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Avoid abuse with safeguards for personal planning

Written by Joanne on June 15, 2015

June 15 is elder abuse awareness day. It seems like a good time to consider safeguards for personal planning.

We are all going to die and many of us will need some assistance with our affairs prior to death—due to illness, injury, aging or disability.

How can we protect ourselves, when arranging for others to help us?

  1. Learn about the legal documents available for personal planning and which one fits your situation.
  2. Appoint more than one person and talk with them about working together as a team. Go over their roles—see below for links. Discuss your wishes and values with them—use theValues & Discussion Guide developed through a national senior’s project.
  3. Identify others who could be a support and guide to those you appointed. Introduce them to those you appointed, provide contact lists for each.
  4. Know how to revoke (cancel) your document if you need to. Nidus has revocation forms you can use. See below for links.
  5. Keep in contact with those you appointed about your health and life events so they will be informed if they have to act. You can ask them to accompany you to meetings with your financial advisor, bank manager, doctor and others or call them with an update after your meeting. Maintaining contact is a way to develop your relationship—it can also expose misunderstandings that you can address while capable.

What can third parties do to encourage and support best practices?

We need to be able to count on financial institutions to do their part. This includes knowing the legislation within the jurisdiction they operate.

“CIBC told me (the representative) that a Representation Agreement Section 7 for financial and legal affairs is not a valid document and they offered to shred it. Is this true? We followed the instructions for making it…” [Email June 11, 2015]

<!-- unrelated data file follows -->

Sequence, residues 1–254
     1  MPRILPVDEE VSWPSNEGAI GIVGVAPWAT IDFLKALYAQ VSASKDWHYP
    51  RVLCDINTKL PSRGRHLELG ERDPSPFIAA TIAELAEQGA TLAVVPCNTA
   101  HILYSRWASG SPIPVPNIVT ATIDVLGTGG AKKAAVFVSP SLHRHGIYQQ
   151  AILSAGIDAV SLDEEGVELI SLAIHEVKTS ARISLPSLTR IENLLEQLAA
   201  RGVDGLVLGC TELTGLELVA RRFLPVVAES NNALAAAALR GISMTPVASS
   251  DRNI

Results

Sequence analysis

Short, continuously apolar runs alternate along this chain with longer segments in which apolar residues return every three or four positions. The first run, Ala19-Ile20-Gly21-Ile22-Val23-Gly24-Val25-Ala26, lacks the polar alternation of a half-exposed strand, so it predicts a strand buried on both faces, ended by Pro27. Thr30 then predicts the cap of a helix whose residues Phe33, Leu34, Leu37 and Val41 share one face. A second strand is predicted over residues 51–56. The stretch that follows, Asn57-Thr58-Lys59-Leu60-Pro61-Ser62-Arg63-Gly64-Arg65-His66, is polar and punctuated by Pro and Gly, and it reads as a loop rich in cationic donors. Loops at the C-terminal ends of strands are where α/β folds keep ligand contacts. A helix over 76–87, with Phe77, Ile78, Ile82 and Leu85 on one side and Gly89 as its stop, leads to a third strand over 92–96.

This quote is the most recent example and the most common complaint we receive about third parties. Banks and credit unions promote financial planning but they make it difficult. We need them to help promote safe and effective practices.

Caregivers/representatives are already stretched to the limit trying to maintain the quality-of-life for a spouse, family or friend. This means making sure bills are paid, funds are available for health and personal care needs, entitlements are applied for, insurance is paid up and more.

  • Why are banks and credit unions refusing to honour Representation Agreements for financial and legal affairs?
  • Why do financial institutions continue to encourage single seniors to set up joint accounts with family members even though joint accounts have no safeguards?
  • Why do financial institutions continue to insist customers/members use their in-house Power of Attorney forms? These internal documents offer no benefit outside the institution and therefore are of no help to customers/members with planning.

Representation Agreements have many more safeguards than Powers of Attorney. The RA7 is a standardized document unlike the Enduring Power of Attorney, which can be highly variable given the numerous options available since amendments came into effect on September 1, 2011.

RESOURCES (Also find under Information tab blue menu bar)

Role of Representative and Role of Monitor in a Representation Agreement

Role of Attorney in an Enduring Power of Attorney

Revoke a Representation Agreement

Revoke an Enduring Power of Attorney

EPA vs RA7 chart

RESOURCES FOR PROFESSIONALS & INSTITUTIONS

Definition of Routine Management of Financial Affairs

Detailed Comparison: RA7 or EPA for Financial and Legal Affairs


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